I guess this qualifies as something worth showing. I’m building an intelligent fan controller/watchdog for my home server machine (no, it’s not the one this blog is hosted on) and I wanted too see how they behave when using PWM control. The easy solution would be to wire an AVR in the same configuration as in the mentioned device, but I remembered this post on and had (almost) all the parts.

Since part 1 of that blog post is old and doesn’t contain much details I used this as a reference and produced the schematic below based on the parts I thought I have. Sorry for stealing the project and thanks for the general idea. :) I’ve even soldered this partially on perfboard before I realized I had no transistors and output limiting resistors able to handle that much current and dissipate enough power, so it’s that much for this weekend project. ;) I’ll finish this tomorrow when I get the parts. This is what I partially (without totem-pole transistor drivers and with some minor changes) breadboarded, soldered and tested from the parts I had:

TL494 PWM controller

Click for a bigger picture. Strangely looking polarized caps are the effect of KiCAD’s SVG export bug.

The circuit consists of three parts, power supply, TL494 itself and totem-pole MOSFET drivers. I had an old power brick labeled as 12 VAC 600 mA, but it’s RMS and probably a bit higher, it gives steady 16 VDC after rectification with 1 mF filtering capacitor and under about 200 mA load, I have yet to fully test it. Standard LM317T circuit (note wrong pinout in the KiCAD library symbol!) straight from the datasheet powers totem-pole drivers with the RV1 potentiometer adjusting it up to just under 14 V counting the dropout, which is more than enough to test most MOSFETs. Small LM78L05 (L indicates a TO-92, 100 mA version) powers TL494, this way changing the amplitude does not affect frequency and duty cycle. It’s under recommended 7 V for TL494 supply, but it works and I only had this regulator other than another beefy TO220 LM317 in my parts bin.

On the actual IC there’s nothing complicated. The combination of 680 pF cap and 1M RV3 pot gives (at 5 volts I tested it) output frequency from about 2.5 kHz up to unde 100 kHz. Switch controls channel behaviour, they can work in parallel (turning on and off at the same time) or alternating (when one channel is on then the other is off). RV2 pot adjusts duty cycle, you can adjust it from about 2-5% up to 100% (continuosly on). This chip also has error amplifiers and 5 V reference source, because it’s really a switchmode power supply controller, but they’re not used here.

On the output there are two channels with a totem-pole transistor configuration each. The additional NPNs are there so it doesn’t invert the input from TL494.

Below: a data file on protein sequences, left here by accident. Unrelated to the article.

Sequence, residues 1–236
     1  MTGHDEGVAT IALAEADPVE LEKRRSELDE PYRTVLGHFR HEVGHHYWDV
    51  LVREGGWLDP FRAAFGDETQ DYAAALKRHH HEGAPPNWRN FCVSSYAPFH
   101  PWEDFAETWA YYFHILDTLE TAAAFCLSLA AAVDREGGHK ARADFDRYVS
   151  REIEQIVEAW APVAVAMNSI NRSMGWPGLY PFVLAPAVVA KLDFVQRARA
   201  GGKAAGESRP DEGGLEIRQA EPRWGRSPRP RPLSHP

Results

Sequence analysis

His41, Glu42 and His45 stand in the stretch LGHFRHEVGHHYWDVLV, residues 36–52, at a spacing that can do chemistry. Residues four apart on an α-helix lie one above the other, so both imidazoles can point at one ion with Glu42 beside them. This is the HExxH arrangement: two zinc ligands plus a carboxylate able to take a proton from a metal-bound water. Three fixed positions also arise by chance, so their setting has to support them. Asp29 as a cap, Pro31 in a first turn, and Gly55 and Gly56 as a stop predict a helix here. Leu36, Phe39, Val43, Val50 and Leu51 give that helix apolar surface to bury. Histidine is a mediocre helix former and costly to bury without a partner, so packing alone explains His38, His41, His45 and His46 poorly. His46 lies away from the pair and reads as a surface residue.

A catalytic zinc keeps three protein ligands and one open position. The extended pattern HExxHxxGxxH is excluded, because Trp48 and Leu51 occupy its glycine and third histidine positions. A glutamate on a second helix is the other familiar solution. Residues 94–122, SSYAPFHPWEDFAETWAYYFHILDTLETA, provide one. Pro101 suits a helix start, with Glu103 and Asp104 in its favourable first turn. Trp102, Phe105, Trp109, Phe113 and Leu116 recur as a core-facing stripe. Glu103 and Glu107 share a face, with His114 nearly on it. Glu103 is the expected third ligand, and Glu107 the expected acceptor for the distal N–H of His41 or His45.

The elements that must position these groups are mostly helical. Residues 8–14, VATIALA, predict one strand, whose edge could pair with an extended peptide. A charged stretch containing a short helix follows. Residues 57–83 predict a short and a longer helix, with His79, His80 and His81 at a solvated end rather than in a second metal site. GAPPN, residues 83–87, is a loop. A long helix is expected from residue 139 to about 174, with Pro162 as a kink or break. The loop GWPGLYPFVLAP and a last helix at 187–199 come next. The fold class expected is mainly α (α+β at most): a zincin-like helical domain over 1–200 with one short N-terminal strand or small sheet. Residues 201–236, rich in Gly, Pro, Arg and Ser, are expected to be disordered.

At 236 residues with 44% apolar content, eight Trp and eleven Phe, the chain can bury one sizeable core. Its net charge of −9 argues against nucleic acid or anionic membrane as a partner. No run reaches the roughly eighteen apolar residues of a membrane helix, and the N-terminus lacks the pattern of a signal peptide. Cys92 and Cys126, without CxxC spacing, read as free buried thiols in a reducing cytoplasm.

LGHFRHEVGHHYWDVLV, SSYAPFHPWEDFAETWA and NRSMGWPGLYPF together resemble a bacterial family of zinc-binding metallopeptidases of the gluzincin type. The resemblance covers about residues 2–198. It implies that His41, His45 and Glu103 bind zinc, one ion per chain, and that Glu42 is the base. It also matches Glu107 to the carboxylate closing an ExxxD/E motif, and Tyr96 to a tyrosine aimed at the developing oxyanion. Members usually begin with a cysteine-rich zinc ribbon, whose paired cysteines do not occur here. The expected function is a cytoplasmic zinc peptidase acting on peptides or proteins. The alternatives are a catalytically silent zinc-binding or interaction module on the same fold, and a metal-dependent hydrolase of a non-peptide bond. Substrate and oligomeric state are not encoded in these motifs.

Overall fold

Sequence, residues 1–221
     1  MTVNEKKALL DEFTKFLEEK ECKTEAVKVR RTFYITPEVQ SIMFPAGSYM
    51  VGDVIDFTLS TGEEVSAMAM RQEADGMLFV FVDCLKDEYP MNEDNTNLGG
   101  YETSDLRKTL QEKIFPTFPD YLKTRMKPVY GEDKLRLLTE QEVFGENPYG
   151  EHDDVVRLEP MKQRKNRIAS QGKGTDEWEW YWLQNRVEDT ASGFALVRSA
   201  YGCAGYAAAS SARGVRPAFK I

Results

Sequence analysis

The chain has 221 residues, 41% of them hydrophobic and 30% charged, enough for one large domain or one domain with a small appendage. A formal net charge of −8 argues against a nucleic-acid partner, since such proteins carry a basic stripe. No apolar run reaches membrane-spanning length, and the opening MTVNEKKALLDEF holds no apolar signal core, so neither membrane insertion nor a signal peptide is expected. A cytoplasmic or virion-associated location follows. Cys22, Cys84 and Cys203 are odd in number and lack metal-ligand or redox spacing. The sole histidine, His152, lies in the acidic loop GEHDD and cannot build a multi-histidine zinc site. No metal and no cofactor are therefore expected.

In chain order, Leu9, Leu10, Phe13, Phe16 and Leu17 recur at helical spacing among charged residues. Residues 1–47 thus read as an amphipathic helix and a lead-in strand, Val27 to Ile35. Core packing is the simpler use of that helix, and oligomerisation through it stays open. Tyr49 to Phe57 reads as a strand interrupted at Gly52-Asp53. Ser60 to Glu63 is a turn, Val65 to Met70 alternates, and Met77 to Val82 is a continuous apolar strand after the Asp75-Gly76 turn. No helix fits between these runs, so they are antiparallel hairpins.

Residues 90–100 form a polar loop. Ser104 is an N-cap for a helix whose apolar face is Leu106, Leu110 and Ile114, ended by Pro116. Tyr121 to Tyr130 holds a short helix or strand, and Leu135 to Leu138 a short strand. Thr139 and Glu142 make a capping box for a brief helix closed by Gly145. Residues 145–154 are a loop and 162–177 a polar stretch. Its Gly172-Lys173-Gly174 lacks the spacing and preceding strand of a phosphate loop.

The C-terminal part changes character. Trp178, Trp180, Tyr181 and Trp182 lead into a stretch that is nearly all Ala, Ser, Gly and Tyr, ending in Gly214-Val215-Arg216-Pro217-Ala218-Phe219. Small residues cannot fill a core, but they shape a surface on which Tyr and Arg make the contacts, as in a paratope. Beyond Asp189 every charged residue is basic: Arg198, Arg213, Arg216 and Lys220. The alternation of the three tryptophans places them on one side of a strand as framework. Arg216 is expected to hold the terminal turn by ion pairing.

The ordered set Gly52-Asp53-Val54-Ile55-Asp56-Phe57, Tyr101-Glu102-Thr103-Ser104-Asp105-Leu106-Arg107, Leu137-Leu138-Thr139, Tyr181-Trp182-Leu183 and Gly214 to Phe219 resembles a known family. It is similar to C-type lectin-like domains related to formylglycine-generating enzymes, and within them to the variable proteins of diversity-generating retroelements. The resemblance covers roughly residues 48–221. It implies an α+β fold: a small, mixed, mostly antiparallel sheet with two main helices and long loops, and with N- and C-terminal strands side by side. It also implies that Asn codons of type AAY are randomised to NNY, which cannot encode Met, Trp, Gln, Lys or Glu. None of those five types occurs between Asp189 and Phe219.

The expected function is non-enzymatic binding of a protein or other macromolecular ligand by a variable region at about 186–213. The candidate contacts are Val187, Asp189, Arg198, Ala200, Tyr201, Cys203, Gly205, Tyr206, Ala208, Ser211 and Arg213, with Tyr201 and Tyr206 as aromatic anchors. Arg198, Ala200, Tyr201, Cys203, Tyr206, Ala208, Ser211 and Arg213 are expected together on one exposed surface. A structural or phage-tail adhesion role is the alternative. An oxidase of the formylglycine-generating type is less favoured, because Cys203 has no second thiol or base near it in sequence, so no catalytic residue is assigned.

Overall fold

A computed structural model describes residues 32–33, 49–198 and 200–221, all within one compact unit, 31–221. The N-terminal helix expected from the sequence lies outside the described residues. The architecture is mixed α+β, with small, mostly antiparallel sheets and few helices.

That’s it for now, I’ll try to build it later and do some test, maybe even put some pictures, but I’d need to get a camera for that. Feel free to comment and to point out bugs, problems and stupidities.

Dark side of the high level languages

By day I’m Java programmer. Recently I started coding some low level stuff in C for a microcontroller project I’m working on. I knew from the beginning it’s going to include a lot of C magic (a kind of project with plain simple hardware and software wizardry), so far I implemented a simple circular linked list. I’ve been through a formal education in computer science, so I just coded this from memory. Then I decided to run splint (never used it before) on my code… I feel sad and lonely now.

Java has garbage collection. C does not. Most of my university basic programming courses used Java or other very high level languages and splint made me realize I have no experience with manual memory management. It’s not a black magic for me, I know the rules and I can handle this, especially having splint as a help. There were also some other minor things, like bit shifting a negative value (consult your local C guru for why it’s not a good idea to use shift operators on negative values), memory management is just an example. Thankfully I run splint now instead of scratching my head over a ready project being perfectly sure the code is fine and not having hardware debugging probe for the AVR micro sitting in my device.

Anyone can share similar experiences? Anyone interested in a small guide to use splint in microcontroller projects?

Hello world!


Yes, this is just another blog. It’s here to share my thoughts, share things worth sharing and preserve everything worth preserving. Topics? Electronics, computers, technology in general, usual random things. Why English? So that the people from all around the world can not care about what I have to say. ;)

That’s all for now. Will be back soon with something worth showing.